In the absence of greenhouse gas–induced warming, the meridional overturning circulation (MOC) variability is shown to be dependent on the details of the simulation. In the present-day control simulation, the MOC is characterized by a broad spectrum of low frequencies, whereas, in preindustrial control simulations, MOC variability is characterized either by a well-defined periodicity of 60 yr or by a broad spectrum of low frequencies. In all the control simulations, the MOC appears to respond with a delay of 10 yr to synchronous temperature and salinity anomalies in the deep water formation sites located in the subpolar gyre, but salinity dominates the density anomalies. The explanation of the modeled MOC periodicity is therefore sought in the creation of these density anomalies. The influence of increased sea ice coverage under cold/preindustrial conditions is shown to modify the salinity variability, but it is not a sufficient condition for the support of the MOC periodicity. Instead, its source appears to be a modified subpolar gyre circulation resulting from interaction with the bottom bathymetry, which is able to sustain strong coupling between the horizontal and overturning circulations.

Based on the global warming analyses, for the simulations initialized from the cold/preindustrial statistical equilibrium run, the North Atlantic variability continues to be dominated by strong coupling between the horizontal and overturning circulations if the imposed forcing is weak. More generally, the delayed response of the MOC to surface density anomalies in the deep water formation regions is preserved under weak forcing.

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Alex S. Gardner, Martin J. Sharp, Roy M. Koerner, Claude Labine, Sarah Boon, Shawn J. Marshall, David O. Burgess, and David Lewis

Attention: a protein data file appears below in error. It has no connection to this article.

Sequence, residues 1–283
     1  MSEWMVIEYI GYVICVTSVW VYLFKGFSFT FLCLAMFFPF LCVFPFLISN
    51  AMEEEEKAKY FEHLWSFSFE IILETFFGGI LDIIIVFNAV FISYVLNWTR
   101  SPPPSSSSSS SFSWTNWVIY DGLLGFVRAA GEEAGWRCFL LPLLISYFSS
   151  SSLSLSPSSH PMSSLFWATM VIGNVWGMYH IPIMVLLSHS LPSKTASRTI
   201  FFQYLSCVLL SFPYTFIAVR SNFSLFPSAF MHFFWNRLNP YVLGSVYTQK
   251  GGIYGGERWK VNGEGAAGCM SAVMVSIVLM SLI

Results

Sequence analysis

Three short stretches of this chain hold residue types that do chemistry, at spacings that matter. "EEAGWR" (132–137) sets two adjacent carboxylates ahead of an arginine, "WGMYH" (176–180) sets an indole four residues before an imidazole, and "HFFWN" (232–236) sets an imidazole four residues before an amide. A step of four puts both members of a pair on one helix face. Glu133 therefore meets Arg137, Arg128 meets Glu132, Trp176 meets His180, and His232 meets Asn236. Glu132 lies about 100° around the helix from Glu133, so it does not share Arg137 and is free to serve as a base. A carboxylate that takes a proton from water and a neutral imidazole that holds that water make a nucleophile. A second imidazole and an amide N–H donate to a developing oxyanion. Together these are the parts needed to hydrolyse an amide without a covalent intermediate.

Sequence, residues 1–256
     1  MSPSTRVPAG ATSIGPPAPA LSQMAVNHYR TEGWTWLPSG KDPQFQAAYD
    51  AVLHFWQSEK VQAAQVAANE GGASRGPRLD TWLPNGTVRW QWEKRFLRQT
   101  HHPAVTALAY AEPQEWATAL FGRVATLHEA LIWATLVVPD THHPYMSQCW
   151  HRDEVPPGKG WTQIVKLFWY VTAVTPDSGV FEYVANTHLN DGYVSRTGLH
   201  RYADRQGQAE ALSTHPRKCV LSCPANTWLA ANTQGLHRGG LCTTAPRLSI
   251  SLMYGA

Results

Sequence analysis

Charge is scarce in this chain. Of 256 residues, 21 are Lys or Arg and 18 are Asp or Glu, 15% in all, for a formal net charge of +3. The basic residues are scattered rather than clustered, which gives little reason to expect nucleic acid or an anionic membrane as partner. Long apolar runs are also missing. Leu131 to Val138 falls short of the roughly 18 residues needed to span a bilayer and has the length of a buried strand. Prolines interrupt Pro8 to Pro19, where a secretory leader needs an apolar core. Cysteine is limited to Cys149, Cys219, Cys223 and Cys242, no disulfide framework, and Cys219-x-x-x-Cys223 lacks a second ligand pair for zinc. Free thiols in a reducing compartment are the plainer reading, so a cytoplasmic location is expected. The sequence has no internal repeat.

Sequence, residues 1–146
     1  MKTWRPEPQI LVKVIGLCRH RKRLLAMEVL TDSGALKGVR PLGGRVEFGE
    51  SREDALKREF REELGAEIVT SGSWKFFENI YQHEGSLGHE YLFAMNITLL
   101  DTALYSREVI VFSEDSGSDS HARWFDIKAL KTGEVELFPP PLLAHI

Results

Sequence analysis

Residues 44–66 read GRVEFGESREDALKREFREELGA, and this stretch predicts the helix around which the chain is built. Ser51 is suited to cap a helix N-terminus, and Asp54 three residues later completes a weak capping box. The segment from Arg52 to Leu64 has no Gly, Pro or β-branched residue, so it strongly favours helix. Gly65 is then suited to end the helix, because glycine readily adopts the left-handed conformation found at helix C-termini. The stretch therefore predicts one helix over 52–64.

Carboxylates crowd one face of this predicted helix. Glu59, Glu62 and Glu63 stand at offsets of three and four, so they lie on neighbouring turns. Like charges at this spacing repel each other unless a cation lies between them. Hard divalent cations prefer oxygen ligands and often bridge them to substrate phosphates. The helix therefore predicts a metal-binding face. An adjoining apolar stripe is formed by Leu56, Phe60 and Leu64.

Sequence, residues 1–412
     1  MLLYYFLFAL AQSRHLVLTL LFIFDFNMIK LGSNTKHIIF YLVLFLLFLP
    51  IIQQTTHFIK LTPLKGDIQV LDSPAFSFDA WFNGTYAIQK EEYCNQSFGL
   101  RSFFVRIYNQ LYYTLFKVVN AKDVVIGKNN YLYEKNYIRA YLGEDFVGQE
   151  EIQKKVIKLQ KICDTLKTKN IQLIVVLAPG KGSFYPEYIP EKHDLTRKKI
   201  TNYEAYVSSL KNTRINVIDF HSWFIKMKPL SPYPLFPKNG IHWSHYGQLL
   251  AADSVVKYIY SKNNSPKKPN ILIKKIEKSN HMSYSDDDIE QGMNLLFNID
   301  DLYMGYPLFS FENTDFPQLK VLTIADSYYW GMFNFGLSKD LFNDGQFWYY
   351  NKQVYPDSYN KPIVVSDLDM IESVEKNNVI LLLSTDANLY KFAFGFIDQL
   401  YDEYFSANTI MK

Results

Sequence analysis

Abstract

Distributed glacier surface melt models are often forced using air temperature fields that are either downscaled from climate models or reanalysis, or extrapolated from station measurements. Typically, the downscaling and/or extrapolation are performed using a constant temperature lapse rate, which is often taken to be the free-air moist adiabatic lapse rate (MALR: 6°–7°C km−1). To explore the validity of this approach, the authors examined altitudinal gradients in daily mean air temperature along six transects across four glaciers in the Canadian high Arctic. The dataset includes over 58 000 daily averaged temperature measurements from 69 sensors covering the period 1988–2007. Temperature lapse rates near glacier surfaces vary on both daily and seasonal time scales, are consistently lower than the MALR (ablation season mean: 4.9°C km−1), and exhibit strong regional covariance. A significant fraction of the daily variability in lapse rates is associated with changes in free-atmospheric temperatures (higher temperatures = lower lapse rates). The temperature fields generated by downscaling point location summit elevation temperatures to the glacier surface using temporally variable lapse rates are a substantial improvement over those generated using the static MALR. These findings suggest that lower near-surface temperature lapse rates can be expected under a warming climate and that the air temperature near the glacier surface is less sensitive to changes in the temperature of the free atmosphere than is generally assumed.